Date Published: May 5, 2018
Publisher: Springer Berlin Heidelberg
Author(s): Yohanes Eko Chandra Sugiharto, Heeseok Lee, Annur Dyah Fitriana, Hyeokwon Lee, Wooyoung Jeon, Kyungmoon Park, Jungoh Ahn, Hongweon Lee.
Biotransformation of fatty acid methyl esters to dicarboxylic acids has attracted much attention in recent years; however, reports of sebacic acid production using such biotransformation remain few. The toxicity of decanoic acid is the main challenge for this process. Decane induction has been reported to be essential to activate the enzymes involved in the α,ω-oxidation pathway before initiating the biotransformation of methyl decanoate to sebacic acid. However, we observed the accumulation of intermediates (decanoic acid and 10-hydroxydecanoic acid) during the induction period. In this study, we examined the effects of these intermediates on the biotransformation process. The presence of decanoic acid, even at a low concentration (0.2 g/L), inhibited the transformation of 10-hydroxydecanoic acid to sebacic acid. Moreover, about 24–32% reduction in the decanoic acid oxidation was observed in the presence of 0.5–1.5 g/L 10-hydroxydecanoic acid. To eliminate these inhibitory effects, we applied substrate-limiting conditions during the decane induction process, which eliminated the accumulation of decanoic acid. Although the productivity of sebacic acid (34.5 ± 1.10 g/L) was improved, by 28% over that achieved using the previously methods, after 54 h, the accumulation of 10-hydroxydecanoic acid was still detected. The accumulation of 10-hydroxydecanoic acid even under the decane limiting conditions could be an evidence that oxidation of 10-hydroxydecanoic acid could be the rate-limiting step in this process. The improvement of this reaction should be an important objective for further development of the production of sebacic acid using biotransformation.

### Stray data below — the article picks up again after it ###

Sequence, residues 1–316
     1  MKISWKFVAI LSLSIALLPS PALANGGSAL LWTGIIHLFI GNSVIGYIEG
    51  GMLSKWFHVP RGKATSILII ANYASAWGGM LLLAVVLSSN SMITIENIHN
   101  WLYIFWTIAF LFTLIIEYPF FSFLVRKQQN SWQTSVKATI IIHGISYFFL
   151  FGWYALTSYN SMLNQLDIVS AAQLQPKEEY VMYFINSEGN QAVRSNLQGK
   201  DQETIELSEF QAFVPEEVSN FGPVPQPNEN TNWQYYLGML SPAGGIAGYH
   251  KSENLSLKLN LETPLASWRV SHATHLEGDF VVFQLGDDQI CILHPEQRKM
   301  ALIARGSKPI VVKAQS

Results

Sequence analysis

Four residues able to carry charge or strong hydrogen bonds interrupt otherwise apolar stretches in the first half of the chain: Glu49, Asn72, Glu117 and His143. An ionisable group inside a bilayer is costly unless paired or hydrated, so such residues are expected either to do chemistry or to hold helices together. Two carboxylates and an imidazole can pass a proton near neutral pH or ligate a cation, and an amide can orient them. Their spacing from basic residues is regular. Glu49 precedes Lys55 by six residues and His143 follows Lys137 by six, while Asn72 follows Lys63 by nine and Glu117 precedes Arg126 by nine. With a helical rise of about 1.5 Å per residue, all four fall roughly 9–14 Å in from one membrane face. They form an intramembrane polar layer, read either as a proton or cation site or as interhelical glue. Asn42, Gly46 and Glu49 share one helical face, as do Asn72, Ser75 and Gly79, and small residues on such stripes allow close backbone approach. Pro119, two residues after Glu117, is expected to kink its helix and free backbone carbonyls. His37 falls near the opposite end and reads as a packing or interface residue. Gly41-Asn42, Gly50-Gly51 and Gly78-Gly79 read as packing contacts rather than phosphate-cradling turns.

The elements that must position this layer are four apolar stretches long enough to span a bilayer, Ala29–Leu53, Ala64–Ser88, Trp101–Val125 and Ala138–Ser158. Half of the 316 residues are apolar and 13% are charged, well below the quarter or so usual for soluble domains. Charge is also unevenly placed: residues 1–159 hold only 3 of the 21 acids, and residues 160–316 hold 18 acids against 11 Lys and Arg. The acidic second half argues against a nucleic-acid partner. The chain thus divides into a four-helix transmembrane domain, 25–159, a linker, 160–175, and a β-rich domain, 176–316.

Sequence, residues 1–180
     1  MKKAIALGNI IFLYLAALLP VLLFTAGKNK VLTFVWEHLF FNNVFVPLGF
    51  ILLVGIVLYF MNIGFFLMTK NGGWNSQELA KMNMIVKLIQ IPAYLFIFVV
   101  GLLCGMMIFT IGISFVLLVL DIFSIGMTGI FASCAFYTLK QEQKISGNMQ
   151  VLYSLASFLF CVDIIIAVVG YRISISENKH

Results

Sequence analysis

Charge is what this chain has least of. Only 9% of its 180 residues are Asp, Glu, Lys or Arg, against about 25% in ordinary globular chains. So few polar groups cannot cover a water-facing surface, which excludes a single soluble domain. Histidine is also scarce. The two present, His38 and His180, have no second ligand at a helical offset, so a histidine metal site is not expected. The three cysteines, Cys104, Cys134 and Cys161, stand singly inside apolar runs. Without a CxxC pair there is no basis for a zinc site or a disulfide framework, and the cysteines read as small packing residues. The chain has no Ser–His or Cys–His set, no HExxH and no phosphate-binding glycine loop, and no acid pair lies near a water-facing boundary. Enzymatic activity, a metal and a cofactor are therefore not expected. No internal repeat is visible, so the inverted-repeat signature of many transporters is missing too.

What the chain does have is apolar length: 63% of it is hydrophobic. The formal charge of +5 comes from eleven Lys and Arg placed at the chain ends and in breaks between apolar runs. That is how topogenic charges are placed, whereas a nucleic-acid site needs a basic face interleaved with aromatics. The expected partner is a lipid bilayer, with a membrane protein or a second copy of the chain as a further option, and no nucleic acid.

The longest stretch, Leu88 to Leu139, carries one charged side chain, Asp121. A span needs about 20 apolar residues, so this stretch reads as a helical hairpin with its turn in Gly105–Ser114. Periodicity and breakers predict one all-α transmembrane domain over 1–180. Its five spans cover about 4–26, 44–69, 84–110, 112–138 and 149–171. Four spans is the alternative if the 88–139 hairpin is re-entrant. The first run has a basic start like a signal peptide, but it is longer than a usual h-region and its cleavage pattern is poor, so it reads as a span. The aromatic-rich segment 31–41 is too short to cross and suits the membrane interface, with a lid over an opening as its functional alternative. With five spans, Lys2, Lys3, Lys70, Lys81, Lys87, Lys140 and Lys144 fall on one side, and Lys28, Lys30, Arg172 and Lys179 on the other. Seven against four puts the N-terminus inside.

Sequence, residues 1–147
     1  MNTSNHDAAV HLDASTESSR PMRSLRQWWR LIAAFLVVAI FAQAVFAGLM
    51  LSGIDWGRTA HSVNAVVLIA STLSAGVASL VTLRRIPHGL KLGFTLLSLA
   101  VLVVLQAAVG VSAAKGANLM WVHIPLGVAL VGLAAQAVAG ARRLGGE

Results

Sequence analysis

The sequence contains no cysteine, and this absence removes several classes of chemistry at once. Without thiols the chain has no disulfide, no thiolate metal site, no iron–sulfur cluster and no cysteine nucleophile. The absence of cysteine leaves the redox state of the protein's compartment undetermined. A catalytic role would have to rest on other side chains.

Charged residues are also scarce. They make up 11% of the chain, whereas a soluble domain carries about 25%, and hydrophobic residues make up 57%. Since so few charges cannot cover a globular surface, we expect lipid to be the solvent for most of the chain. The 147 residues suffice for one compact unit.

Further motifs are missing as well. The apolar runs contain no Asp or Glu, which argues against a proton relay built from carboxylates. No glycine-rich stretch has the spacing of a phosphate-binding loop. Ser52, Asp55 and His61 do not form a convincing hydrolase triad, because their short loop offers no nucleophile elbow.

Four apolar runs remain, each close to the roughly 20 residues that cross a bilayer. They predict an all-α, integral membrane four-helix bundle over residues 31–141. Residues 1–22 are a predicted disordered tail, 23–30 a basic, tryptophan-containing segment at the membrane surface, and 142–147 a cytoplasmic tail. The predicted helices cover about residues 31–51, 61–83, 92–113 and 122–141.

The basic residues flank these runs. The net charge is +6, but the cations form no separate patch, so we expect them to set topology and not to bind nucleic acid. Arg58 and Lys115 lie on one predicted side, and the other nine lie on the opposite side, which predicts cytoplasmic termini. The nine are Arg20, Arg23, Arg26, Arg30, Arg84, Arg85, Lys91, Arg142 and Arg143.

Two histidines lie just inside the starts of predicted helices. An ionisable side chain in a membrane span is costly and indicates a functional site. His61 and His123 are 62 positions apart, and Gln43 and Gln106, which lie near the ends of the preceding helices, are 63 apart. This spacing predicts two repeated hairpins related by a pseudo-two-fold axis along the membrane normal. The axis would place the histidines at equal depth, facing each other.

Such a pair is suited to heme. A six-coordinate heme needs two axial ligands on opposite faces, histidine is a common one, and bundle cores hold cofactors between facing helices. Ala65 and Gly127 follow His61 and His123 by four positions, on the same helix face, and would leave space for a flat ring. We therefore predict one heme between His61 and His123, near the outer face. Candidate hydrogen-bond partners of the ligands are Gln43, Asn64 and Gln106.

Sebacic acid, a 10 carbon containing dicarboxylic acid (DCA), is an important precursor in the production of nylon and polyamides (PAs), primarily PA-4,10 and PA-5,10 (Chung et al. 2015). Like other medium-chain DCAs, the commercial process for the production of sebacic acid depends on chemical methods, principally involving alkaline oxidation of vegetable oils, such as castor oil, in which 2-octanol is generated as a byproduct (Green et al. 2000; Azcan and Demirel 2008; Metzger 2009). However, the production of medium-chain DCAs through chemical routes has several problems, particularly the use of harsh production conditions and generation of by-products. Biological processes for the production of DCAs can overcome these limitations because they require milder conditions (Huf et al. 2011; Song et al. 2013).
As observed in previous studies, decane induction was necessary for the activation of enzymes involved in the α,ω-oxidation pathway prior to the biotransformation of methyl decanoate to sebacic acid (Beardslee et al. 2014). In a preliminary test (Additional file 1: Figure S1), the possibility of using potassium decanoate (represented as decanoic acid) or methyl decanoate as inducers for these enzymes was examined in flask cultures. The results of this experiment confirmed that the toxicity of decanoic acid interferes with the activation and even inactivates the cells (when potassium decanoate or methyl decanoate were used as inducers at concentrations as low as 0.4 g/L). In contrast, this negative trend was not observed when decane was used for induction. Therefore, decane induction was inevitable for the biotransformation of methyl decanoate to sebacic acid.